But Micaiah replied, “As surely as the Lord lives, I will say only what the Lord tells me to say” (v.14).
As anyone who has ever been a parent can attest, children can be masters of the literal—especially when it comes to rules. One day, after admonishing my son to keep his hands off his sister, I looked back only to find him placing his elbows, his feet, his knees—anything but his hands—in her personal space. From his interpretation of what I had said, he was well within the boundaries I had set.
Much like children, we suffer from the same disease of spin. Whether it’s choosing an interpretation of God’s commandments that fits our agenda or presenting a false front for self-advancement or gathering counselors who tell us what we want to hear, manipulating truth is a dangerous skill to practice. Blurring the lines, we try to stay within the legal definition, while missing the heart of the matter.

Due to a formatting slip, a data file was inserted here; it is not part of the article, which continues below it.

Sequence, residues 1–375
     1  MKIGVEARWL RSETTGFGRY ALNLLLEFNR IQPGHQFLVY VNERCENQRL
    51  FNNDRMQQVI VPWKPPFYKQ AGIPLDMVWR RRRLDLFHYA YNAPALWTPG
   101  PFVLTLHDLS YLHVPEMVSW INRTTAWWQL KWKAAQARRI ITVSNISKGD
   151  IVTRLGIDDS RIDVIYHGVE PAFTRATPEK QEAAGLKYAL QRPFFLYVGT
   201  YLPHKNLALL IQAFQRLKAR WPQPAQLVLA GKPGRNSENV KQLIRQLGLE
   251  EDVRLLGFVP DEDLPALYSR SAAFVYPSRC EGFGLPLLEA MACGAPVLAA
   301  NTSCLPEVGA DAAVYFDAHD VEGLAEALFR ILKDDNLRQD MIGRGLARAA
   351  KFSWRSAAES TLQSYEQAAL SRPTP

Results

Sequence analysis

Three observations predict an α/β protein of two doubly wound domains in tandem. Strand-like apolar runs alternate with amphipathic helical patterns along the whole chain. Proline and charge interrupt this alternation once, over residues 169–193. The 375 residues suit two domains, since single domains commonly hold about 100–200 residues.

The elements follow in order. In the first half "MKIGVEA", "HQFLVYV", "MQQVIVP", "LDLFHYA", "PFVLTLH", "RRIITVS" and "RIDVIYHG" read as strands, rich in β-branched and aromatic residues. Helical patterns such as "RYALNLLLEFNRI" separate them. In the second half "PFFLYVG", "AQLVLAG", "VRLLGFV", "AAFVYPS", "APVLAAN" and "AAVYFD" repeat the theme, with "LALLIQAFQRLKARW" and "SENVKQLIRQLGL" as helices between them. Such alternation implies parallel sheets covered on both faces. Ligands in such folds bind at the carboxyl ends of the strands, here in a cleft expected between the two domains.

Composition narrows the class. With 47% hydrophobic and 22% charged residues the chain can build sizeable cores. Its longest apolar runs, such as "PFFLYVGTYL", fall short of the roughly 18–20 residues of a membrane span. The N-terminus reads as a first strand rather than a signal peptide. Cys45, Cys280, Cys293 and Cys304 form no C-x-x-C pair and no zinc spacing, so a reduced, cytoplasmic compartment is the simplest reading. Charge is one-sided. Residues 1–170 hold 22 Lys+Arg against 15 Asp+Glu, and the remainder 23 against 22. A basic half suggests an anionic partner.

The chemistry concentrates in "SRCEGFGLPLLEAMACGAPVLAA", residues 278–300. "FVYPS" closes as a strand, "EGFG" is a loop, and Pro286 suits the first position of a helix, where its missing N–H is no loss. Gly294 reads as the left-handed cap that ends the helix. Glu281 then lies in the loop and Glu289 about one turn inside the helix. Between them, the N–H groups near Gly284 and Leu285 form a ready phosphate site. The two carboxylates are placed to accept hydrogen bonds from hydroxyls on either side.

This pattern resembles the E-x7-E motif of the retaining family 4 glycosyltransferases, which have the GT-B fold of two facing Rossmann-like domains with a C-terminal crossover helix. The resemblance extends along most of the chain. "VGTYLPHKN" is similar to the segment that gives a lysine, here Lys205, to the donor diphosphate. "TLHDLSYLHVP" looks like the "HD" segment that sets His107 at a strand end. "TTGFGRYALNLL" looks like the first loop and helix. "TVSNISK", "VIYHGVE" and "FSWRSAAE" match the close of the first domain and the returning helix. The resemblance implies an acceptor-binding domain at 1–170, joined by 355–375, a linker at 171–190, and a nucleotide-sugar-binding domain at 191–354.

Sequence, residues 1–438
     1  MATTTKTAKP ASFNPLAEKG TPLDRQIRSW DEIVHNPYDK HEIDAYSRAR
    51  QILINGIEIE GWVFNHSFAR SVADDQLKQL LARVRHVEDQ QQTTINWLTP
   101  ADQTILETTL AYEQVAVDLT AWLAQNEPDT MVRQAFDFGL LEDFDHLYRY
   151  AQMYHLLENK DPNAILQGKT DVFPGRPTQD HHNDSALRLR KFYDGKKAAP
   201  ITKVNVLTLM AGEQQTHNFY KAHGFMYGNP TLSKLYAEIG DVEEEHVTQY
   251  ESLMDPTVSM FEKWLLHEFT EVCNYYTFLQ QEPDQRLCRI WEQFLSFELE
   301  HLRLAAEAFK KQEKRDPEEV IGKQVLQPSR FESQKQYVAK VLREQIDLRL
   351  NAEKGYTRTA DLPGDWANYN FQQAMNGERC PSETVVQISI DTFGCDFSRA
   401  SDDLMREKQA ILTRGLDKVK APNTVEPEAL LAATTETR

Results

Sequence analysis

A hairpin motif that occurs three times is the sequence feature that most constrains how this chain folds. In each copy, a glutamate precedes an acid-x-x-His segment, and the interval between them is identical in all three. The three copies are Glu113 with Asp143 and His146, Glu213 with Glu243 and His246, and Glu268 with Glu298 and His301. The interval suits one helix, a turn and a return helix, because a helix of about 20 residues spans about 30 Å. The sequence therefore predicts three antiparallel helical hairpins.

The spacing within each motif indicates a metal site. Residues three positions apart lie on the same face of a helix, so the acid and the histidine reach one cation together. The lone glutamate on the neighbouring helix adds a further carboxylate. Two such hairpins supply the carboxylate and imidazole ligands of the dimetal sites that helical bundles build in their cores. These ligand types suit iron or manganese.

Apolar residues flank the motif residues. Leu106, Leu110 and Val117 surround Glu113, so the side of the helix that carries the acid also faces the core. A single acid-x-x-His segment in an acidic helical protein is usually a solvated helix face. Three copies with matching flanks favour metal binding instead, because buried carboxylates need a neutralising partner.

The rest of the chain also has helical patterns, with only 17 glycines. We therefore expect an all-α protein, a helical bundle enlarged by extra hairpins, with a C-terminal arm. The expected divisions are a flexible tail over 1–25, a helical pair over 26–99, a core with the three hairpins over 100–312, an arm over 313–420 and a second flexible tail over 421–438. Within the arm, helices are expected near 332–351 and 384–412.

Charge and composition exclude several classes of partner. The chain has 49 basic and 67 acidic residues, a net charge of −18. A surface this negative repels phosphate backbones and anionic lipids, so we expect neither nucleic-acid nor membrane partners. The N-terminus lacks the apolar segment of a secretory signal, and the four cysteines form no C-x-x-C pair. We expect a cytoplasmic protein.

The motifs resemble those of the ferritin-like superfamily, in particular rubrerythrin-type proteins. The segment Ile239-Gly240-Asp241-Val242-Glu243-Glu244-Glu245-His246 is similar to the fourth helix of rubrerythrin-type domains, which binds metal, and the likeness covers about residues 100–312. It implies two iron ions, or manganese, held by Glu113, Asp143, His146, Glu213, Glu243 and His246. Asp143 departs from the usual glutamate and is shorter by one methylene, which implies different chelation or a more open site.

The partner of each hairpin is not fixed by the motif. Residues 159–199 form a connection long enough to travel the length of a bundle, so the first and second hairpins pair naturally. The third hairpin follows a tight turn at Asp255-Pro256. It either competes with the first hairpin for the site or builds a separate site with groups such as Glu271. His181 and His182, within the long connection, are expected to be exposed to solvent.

We could argue from the practical viewpoint that dishonesty—premeditated or not—destroys our relationships with others. We could also discuss how deception inwardly erodes our sense of identity and wellbeing. All of this is true.
But those consequences are mere aftershocks.
Because God’s very nature is set on truth, we deny Him when we deal in shades of deception. Jesus said of Himself, “I am the way, the truth, and the life. No one can come to the Father except through Me” (John 14:6). Without truth, real worship does not exist (4:23).
We also see in the story of King Ahab and King Jehoshaphat that the fallout can be significant when we link arms with those who live in spin. Although Jehoshaphat survived the battle that day, the enemy in the spiritual war destroyed his son who had married one of Ahab’s daughters (2 Kings 8:16).
God honors those who live out truth. What about us?
How have you practiced spin rather than truth in a recent situation? What do you need to do to make things right? If we use deception to protect ourselves, what do these actions say about our level of trust in Jesus?